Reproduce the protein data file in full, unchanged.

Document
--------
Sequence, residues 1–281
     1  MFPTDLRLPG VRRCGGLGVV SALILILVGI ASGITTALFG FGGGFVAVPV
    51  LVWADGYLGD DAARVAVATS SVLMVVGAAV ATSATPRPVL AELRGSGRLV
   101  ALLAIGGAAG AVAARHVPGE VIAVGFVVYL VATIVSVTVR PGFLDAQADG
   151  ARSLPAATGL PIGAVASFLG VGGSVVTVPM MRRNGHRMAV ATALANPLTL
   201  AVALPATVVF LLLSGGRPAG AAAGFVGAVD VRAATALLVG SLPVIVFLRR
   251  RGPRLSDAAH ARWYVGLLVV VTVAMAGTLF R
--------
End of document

Sequence, residues 1–281
     1  MFPTDLRLPG VRRCGGLGVV SALILILVGI ASGITTALFG FGGGFVAVPV
    51  LVWADGYLGD DAARVAVATS SVLMVVGAAV ATSATPRPVL AELRGSGRLV
   101  ALLAIGGAAG AVAARHVPGE VIAVGFVVYL VATIVSVTVR PGFLDAQADG
   151  ARSLPAATGL PIGAVASFLG VGGSVVTVPM MRRNGHRMAV ATALANPLTL
   201  AVALPATVVF LLLSGGRPAG AAAGFVGAVD VRAATALLVG SLPVIVFLRR
   251  RGPRLSDAAH ARWYVGLLVV VTVAMAGTLF R